You’d think that having quit my job I’d have more time to work on this blog, but I’ve been busier than ever. What can I say? I’m sorry. I wish I could make it up to you, but I’m afraid this internet relationship just hasn’t been working out the way that I’d planned. I just wasn’t ready for this sort of commitment. Please accept these humble pictures from some of my recent recipes as a token of my esteem for you, dear readers.

To start things off we have a dinner chock full of stuff from my latest cookbook, including boston brown bread, apricot-glazed green beans, cornbread stuffing, and, the undisputed highlight, toftemptan (which, for all you laypeople out there, is tofu stuffed with tempeh stuffed with seitan).

Next, a couple of my latest and craziest dessert recipes, chocolate/almond-filled coconut macaroons and mulled apple cider cupcakes with orange cream frosting and crystallized ginger.

Penultimately, as a reasonably British breakfast or teatime treat, here are some whole wheat walnut and apricot scones.

And lastly, something I threw together for a party featuring a live action game of clue the other week (where the assignment was to bring a murder-themed food), allow me to present this humble arrangement of hummus and carrot swords.

For those of you keeping score at home, it was Professor Plum, in the Billiards Room, with the Tomahawk, and it was I, the dashing and flamboyant Earl Grey, who solved the case and brought the most foul murderer’s evening reign of terror to what was quite literally a crashing halt.

I’m hoping to make the most recent volume of my cookbook available for download soon as a PDF (check my profile for the earlier two), but for those of you who simply cannot wait that long (and given the increasingly lengthy intervals between my posts it may yet be some time), physical copies are still available online through the Paper Trail Distro and in person at the Lucy Parsons Center in Boston, Printed Matter in New York (maybe) and the newly founded Hunter Seeker zine shop in San Francisco. Also, for more of my delightfully abstruse rambling, check out my recent interview with Paper Trail here. I also made another trip down to Fiore’s in JP last week to do some baking for with Homefries, and threw together some pear and soy cream danishes. Those are probably all gone by now, but if you’re in the area you should stop in for a bite and see what h.f. and her crew have been cooking up.

In addition to baking, I’ve been doing a lot of audio work recently. Look for a remix I contributed to my pal PdL for his new album Stop Means Go that should be coming out on his label Vanita Phone Company and available through iTunes as soon as he finished sewing the cd packaging together, as well as a sound art piece (and a couple of photographs) that I contributed to ReconnectUS (they have yet to accept/reject any submissions, but it may turn up on their website if not in their show itself), an upcoming art show focused on the war in Iraq that will be going up in Providence and Pawtucket in March.

Posted by Max in 19:22:40 | Permalink | No Comments »

Thursday, November 29, 2007


I swear that if this blog was actually my baby (and not in some cliched metaphorical sense) I would have long since been tried for criminal neglect. I mean, it hasn’t yet contracted sudden infant death syndrome or anything, but I do keep leaving it locked up here in the backseat unattended while I run off to finish some last-minute errands. Maybe if I had me a husband to look after things while I was gone. . . this is what it looks like when blogs grow up in broken homes.

My most recent excuse is that I spent most of the past few weeks in such far-flung, exotic locals as France, Switzerland, Italy, and New Jersey, and was for the most part bereft of both cooking implements and the internet. Touring Europe was a pretty good time, aside from the fact that all of the people there speak some crazy moon language, and that depending on how much of a tourist you are a cup of coffee costs between a dollar-fifty and $12. Also, I think I might have started suffering from peanut butter withdrawal, so this week’s recipe should definitely be good for what ails me. Based loosely on a brownie recipe I got from one of the classes I taught with homefries, these have been hailed by all who have tasted them as not only the best brownies, but in fact the best things ever. Having recently surveyed the entire history of Western civilization in ruin form I would be tempted to agree. But don’t take my word for it. . .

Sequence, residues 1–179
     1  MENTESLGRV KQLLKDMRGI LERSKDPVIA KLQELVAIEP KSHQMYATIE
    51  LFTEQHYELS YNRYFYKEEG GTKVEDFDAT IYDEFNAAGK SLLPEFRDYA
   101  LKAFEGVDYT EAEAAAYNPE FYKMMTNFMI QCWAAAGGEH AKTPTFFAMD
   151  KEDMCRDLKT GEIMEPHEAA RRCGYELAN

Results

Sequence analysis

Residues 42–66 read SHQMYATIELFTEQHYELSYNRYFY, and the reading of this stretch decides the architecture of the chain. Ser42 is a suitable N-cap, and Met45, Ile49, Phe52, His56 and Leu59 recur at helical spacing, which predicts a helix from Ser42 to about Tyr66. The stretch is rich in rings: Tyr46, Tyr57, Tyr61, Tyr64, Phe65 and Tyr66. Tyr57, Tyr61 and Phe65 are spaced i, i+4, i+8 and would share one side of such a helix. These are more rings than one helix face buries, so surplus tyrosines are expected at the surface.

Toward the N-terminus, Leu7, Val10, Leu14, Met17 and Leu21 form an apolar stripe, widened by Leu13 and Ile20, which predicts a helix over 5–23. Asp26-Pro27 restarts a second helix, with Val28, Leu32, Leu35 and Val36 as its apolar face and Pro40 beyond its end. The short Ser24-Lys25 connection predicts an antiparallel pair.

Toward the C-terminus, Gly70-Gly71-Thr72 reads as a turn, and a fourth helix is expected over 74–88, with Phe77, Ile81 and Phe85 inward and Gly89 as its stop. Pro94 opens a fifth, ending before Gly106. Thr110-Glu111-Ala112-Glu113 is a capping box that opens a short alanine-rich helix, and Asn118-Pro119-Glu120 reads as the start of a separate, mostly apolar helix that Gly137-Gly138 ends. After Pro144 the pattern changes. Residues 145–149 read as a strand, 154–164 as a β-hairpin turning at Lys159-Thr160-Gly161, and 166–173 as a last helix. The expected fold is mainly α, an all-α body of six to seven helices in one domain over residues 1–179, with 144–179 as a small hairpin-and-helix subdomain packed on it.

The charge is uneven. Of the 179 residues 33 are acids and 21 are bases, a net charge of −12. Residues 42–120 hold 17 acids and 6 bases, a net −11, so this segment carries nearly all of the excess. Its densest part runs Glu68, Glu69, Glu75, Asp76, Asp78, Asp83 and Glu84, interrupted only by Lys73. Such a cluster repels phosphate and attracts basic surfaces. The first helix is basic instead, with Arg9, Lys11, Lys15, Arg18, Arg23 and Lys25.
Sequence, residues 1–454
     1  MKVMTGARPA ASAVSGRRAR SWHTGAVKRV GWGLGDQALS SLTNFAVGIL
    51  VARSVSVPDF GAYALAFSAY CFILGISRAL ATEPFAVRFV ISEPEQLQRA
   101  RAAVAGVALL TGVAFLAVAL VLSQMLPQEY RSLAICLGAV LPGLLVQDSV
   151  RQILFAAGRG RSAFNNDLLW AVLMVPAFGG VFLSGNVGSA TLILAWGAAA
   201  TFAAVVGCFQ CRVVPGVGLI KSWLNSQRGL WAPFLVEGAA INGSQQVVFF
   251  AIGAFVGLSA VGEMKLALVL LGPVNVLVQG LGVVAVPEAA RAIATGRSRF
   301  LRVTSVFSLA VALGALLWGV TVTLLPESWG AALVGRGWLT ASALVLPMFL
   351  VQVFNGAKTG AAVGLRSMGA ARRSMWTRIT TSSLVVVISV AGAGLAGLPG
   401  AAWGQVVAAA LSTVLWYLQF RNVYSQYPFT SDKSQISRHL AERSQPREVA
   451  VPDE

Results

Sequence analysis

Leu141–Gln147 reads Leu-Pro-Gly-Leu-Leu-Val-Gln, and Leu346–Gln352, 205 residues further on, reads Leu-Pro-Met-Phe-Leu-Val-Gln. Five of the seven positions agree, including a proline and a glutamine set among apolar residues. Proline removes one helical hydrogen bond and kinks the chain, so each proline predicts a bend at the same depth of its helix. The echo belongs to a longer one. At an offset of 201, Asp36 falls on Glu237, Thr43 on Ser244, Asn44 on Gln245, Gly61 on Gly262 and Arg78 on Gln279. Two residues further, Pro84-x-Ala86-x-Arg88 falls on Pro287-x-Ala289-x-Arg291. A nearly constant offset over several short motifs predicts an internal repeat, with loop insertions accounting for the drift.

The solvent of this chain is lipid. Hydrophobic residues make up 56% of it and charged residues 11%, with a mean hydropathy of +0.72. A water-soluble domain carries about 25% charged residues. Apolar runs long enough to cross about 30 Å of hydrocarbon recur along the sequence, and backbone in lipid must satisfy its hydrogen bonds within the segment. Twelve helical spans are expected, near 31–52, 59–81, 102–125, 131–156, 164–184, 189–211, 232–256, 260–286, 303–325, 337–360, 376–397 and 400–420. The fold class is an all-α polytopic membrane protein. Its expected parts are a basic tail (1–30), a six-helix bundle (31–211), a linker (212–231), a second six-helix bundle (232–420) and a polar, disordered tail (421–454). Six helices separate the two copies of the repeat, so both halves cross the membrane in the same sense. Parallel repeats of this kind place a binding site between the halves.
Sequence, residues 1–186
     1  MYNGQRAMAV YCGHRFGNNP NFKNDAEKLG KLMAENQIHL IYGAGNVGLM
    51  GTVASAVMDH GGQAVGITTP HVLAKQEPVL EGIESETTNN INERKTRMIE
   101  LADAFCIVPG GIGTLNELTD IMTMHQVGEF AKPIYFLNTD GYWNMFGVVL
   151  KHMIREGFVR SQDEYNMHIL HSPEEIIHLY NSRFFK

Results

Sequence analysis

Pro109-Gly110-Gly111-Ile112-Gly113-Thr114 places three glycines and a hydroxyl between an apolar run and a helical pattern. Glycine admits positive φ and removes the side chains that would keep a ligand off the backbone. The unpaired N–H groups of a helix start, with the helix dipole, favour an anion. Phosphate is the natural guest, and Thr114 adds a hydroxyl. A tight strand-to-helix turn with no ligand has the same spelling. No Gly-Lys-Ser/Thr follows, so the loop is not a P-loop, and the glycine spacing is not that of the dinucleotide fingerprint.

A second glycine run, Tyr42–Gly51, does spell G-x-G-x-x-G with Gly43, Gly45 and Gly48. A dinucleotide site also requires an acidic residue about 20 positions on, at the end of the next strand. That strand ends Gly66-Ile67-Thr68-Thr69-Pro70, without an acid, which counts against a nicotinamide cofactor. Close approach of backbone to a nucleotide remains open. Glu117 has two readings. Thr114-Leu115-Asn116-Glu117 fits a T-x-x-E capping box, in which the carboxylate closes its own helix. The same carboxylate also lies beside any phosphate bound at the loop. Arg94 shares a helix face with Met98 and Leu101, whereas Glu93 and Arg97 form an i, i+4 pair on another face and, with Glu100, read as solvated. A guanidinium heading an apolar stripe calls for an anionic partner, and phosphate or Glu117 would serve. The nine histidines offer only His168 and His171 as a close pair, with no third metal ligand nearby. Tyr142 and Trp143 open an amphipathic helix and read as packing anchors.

• 1 cup vegetable oil
  • 1/2 cup maple syrup
  • 1/2 cup corn (or brown rice, agave, etc.) syrup
  • 1/2 cup soy milk
  • 1 tbsp. vanilla extract
  • 3/4 tsp. salt
  • 2 cups flour
  • 1 cup cocoa
  • 1 cup sugar
  • 2 tsp. baking powder
  • 2 cups chocolate chips
  • 3/4 cup soy milk
  • 1/2 cup margarine
  • 3 cups powdered sugar
  • 1/2 cup peanut butter

Equipment: Mixing bowl, cake pan, electric mixer, sauce pan, oven, refrigerator.

Music: Belly Boat – Dear Robert Hanoy


  1. Preheat the oven to 350. Lightly oil a rectangular cake pan.
  2. In a mixing bowl or measuring cup, combine the oil, syrups, soy milk, and vanilla.
  3. In a separate bowl, stir together the salt, flour, cocoa, sugar, and baking powder. Add in the liquid ingredients and mix until combined, then fold in one cup of chocolate chips.
  4. Pour the batter into the cake pan, spreading it evenly, and bake for 22 minutes.
  5. While the brownies are baking, combine 1/4 cup soymilk and margarine in a small mixing bowl and blend. Add in the powdered sugar one cup at a time, then add peanut butter and mix until fluffy. Set aside.
  6. Remove the brownies from the oven and set them aside to cool, using the refrigerator or freezer to accelerate the process if desired.
  7. In a saucepan, heat 1/2 cup soymilk until it starts to bubble. Remove the pan from heat, add the remaining cup of chocolate chips and whisk together until the chocolate is fully melted and combined. Set aside to cool slightly.
  8. Spread the peanut butter frosting evenly across the top of the brownies. Drizzle the melted chocolate on top of the frosting, spreading it with a knife or spatula to form an even coat.
  9. Put the brownies in the refrigerator to cool until the chocolate frosting has set. Slice into squares and serve.